Pressure Shaft Structure:


The water from the head race tunnel travels through the pressure shafts to the powerhouse. Pressure Shaft is enclosed pipe/channel used to deliver/feed water to hydraulic turbines in respect of hydro power plant. This should be properly designed because water will travel through this shaft under pressure if it fails the whole structure fails to perform the required function.

Surge Tank:
A surge tank (or surge drum) is a standpipe or storage reservoir at the downstream end of a closed aqueduct or feeder pipe to absorb sudden rises of pressure as well as to quickly provide extra water during a brief drop in pressure. An open tank to which the top of a surge pipe is connected so as to avoid loss of water during a pressure surge. In mining technology, ore pulp pumps use a relatively small surge tank to maintain a steady loading on the pump. For hydroelectric power uses, a surge tank is an additional storage space or reservoir fitted between the main storage reservoir and the power house (as close to the power house as possible). Surge tanks are usually provided in high or medium-head plants when there is a considerable distance between the water source and the power unit, necessitating a long penstock. The main functions of the surge tank are: 1. When the load decreases, the water moves backwards and gets stored in it. 2. When the load increases, additional supply of water will be provided by surge tank. In short, the surge tank mitigates pressure variations due to rapid changes in velocity of water.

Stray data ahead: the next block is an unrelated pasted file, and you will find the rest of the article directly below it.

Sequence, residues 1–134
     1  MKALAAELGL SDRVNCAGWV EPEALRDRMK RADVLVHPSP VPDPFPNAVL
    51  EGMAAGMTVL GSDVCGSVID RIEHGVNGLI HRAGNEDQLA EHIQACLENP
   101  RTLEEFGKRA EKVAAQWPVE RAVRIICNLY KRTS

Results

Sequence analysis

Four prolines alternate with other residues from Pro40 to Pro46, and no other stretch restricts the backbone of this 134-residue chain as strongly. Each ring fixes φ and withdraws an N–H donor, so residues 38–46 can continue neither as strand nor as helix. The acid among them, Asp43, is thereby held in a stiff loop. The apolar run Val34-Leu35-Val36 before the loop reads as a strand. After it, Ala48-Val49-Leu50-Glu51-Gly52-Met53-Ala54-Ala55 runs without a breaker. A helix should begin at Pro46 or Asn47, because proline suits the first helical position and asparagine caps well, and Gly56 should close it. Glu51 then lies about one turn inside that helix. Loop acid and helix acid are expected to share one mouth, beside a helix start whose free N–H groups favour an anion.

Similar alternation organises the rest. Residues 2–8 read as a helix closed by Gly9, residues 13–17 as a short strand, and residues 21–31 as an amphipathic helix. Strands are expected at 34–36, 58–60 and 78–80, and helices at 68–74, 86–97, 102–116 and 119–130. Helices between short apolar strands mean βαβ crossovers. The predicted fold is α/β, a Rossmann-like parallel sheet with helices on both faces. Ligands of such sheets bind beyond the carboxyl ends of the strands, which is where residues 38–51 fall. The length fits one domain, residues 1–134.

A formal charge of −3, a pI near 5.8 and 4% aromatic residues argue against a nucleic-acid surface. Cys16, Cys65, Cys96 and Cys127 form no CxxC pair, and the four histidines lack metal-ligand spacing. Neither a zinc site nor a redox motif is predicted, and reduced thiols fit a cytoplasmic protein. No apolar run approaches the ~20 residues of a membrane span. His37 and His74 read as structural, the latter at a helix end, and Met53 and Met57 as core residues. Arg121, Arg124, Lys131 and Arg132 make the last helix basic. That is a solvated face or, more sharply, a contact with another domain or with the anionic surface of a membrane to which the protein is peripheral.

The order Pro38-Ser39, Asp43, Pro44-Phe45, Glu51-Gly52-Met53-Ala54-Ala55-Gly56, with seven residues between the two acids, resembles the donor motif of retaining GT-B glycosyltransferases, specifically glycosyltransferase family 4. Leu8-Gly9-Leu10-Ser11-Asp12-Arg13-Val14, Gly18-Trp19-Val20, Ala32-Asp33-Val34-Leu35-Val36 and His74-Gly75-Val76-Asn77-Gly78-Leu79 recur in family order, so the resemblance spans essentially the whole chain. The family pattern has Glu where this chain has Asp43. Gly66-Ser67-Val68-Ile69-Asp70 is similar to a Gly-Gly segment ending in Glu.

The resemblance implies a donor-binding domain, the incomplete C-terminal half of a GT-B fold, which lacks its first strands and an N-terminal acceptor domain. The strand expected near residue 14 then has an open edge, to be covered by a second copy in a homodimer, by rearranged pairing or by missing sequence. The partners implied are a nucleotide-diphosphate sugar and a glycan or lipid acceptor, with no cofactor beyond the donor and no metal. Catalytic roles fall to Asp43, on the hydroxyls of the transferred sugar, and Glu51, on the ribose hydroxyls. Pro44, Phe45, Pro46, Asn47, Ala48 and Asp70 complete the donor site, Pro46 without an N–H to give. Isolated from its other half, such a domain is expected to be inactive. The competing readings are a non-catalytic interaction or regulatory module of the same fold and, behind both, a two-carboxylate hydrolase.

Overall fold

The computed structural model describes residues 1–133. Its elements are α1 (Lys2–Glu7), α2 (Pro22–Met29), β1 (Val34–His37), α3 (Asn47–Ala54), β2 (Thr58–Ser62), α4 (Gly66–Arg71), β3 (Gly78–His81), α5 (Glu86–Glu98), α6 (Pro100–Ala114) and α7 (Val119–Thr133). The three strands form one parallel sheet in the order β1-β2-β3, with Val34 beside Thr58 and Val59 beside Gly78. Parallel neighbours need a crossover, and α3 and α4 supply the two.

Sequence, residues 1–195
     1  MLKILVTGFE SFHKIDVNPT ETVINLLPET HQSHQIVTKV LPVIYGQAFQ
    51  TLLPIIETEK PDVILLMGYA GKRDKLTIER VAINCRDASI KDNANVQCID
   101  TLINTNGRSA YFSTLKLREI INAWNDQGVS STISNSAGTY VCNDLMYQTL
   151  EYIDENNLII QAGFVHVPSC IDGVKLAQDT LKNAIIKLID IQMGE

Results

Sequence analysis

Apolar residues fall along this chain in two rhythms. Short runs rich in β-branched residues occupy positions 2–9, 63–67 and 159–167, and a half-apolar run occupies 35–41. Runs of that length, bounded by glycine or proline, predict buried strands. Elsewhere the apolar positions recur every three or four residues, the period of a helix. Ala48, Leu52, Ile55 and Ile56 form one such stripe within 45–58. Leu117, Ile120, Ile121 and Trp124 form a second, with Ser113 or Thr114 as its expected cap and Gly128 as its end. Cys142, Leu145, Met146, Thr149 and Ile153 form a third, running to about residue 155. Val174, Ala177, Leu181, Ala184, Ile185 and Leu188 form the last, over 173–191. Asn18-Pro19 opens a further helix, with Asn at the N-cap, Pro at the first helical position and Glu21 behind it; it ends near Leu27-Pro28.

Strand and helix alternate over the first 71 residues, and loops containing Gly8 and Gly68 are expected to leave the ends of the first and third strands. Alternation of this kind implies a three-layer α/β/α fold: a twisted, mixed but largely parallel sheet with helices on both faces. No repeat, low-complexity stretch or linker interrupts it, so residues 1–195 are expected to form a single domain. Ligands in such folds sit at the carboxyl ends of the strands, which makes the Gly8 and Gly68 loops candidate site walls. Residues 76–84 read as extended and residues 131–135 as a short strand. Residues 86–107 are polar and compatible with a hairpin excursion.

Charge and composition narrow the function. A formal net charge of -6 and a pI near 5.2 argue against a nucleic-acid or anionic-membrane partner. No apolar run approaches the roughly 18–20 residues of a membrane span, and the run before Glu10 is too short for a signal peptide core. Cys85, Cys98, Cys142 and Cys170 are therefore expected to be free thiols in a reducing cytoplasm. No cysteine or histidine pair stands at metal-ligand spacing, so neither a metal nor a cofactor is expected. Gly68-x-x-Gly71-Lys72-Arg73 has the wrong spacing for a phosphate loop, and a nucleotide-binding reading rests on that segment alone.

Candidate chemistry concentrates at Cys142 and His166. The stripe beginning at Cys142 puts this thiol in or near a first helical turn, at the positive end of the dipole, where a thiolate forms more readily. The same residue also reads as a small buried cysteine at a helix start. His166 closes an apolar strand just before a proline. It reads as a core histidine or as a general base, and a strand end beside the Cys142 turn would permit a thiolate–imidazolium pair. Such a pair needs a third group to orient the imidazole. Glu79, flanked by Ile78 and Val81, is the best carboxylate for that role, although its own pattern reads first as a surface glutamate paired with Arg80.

Pressure Tunnel:
Pressure tunnels are tunnels used to divert water from a reservoir, usually to a hydro electric power house. They take their name due to the fact that, instead of most commons tunnels in which the main load is geostatic (pointing inwards the tunnel), pressure tunnels are submitted to high water pressures pointing outwards the tunnel.

Access Tunnels:
The tunnel in the main structure constructed for the maintenance purposes, such tunnel is usually known as access tunnel. Dams are the structures which will be in use for generations and are not the cheap structure. So maintenance of dams is also a point of consideration and for that purpose tunnel is usually constructed.

Powerhouse: